On John Mayer’s Sunday night Instagram Live show, Current Mood, John sat down with Andy Cohen to talk about his exes, and finally reveal his third nipple to the world.
The whole bit began with JM trying to come up with things for the internet to pick up and write blogs about. Andy suggested that he should talk about an ex-girlfriend, and after jokingly whispering Katy Perry’s name a few times, the duo moved on to the nipple talk.
As John lifted his shirt to show off his supernumerary nipple (technical term), Andy complimented him for joining the ranks of other multi-nipped celebs like Marky Mark Wahlberg. John must have still had ex-girlfriends running through his subconscious mind, because shortly afterwards he let it slip that he was the “lucky one.”
With this statement, John finally confirmed one of my long-running theories that he is in fact the subject of Taylor Swift’s pop hit, “The Lucky One.” The fact that John flat out admitted as much is evidence enough for me, but that surely won’t stop me from presenting the rest of my argument.
All the proof is right there in the song itself. “The Lucky One” is about a subject arriving in LA and trying to make it in the music industry.
New to town with a made up name
In the Angel city, chasing fortune and fame
The subject becomes disillusioned by the realities of fame, and escapes the rat race for a quieter, peaceful life.
It was a few years later, I showed up here
And they still tell the legend of how you disappeared.
How you took the money and your dignity, and got the hell out
The song even alludes to run-ins with paparazzi, much like how John became a perennial tabloid darling early in his career.
And your secrets end up splashed on the news front page
The most damning line in the whole song that unequivocally confirms that JM makes up at least a piece of the subject is one that almost directly refers to how he bought land out in Montana to focus on his music and sanity.
They say you bought a bunch of land somewhere,
The speaker knows the subject’s meteoric rise firsthand, but also empathizes with their disillusionment and considers that they were right to get out when they did.
‘Cause now my name is up in lights,
But I think you got it right,
So, we have a direct acknowledgement from John, and we have textual evidence, but what about a critical analysis? Yep. We have that too.
Later in the same nipple-centric episode of Current Mood, John sat down with SNL starlet/producer extraordinaire/most popular person in music right now, Maggie Rogers. JM did a deep-dive into Maggie’s songwriting style. He lamented about how easy it is for songwriters to usually write about being scorned in love. When he talked about the song “Fallingwater,” he complimented Maggie on her ability to write, “beneath the anger.”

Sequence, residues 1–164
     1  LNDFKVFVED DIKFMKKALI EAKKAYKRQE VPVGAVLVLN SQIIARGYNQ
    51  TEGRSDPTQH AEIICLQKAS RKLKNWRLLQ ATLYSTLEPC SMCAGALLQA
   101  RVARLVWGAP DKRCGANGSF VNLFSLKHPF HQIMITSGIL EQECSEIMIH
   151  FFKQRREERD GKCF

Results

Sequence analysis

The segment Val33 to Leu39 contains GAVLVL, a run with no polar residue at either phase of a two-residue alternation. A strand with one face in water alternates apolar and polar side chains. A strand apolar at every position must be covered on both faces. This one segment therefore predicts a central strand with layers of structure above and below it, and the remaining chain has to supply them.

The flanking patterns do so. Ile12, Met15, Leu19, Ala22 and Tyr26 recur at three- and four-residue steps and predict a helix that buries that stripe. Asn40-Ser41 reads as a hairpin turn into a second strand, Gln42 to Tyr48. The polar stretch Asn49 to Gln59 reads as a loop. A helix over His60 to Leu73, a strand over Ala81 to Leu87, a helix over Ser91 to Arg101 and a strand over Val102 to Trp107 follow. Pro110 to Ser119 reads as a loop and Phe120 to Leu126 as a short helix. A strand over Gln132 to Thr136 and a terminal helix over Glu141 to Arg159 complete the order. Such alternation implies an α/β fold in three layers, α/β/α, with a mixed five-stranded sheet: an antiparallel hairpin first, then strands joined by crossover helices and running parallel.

As I sit in my conspiracy dungeon, connecting red strings from one pin to another, it’s also interesting to note that Maggie recently released a cover of Swift’s break out hit, “Tim McGraw.” Which brings us back to T-Swizzle.
“Dear John” is Taylor Swift’s more heavy-handed and well-known song about JM and their very public breakup, and John didn’t mince words in 2012 when he called it “cheap songwriting.”
You paint me a blue sky
And go back and turn it to rain.
And I lived in your chess game,
But you changed the rules every day.
He clearly sees a song like “Dear John” as the easy version of speaking about love and life experience. Granted, Swift was, as she noted in the song, “too young,” but even when she hinted at personal responsibility in the relationship, she turned it immediately back to JM.
Well maybe it's me and my blind optimism to blame.
Maybe it's you and your sick need to give love then take it away.
So, what’s the damn point?
This is absolutely not a Taylor Swift slander blog. And it never will be. I will rave about her writing prowess until the end of time, and it’s clear that John and Maggie both recognize her talents. I’m simply glad to confirm, once and for all, that “The Lucky One” is about John, and that John might even be able to recognize it as an example of evolution across Taylor’s discography.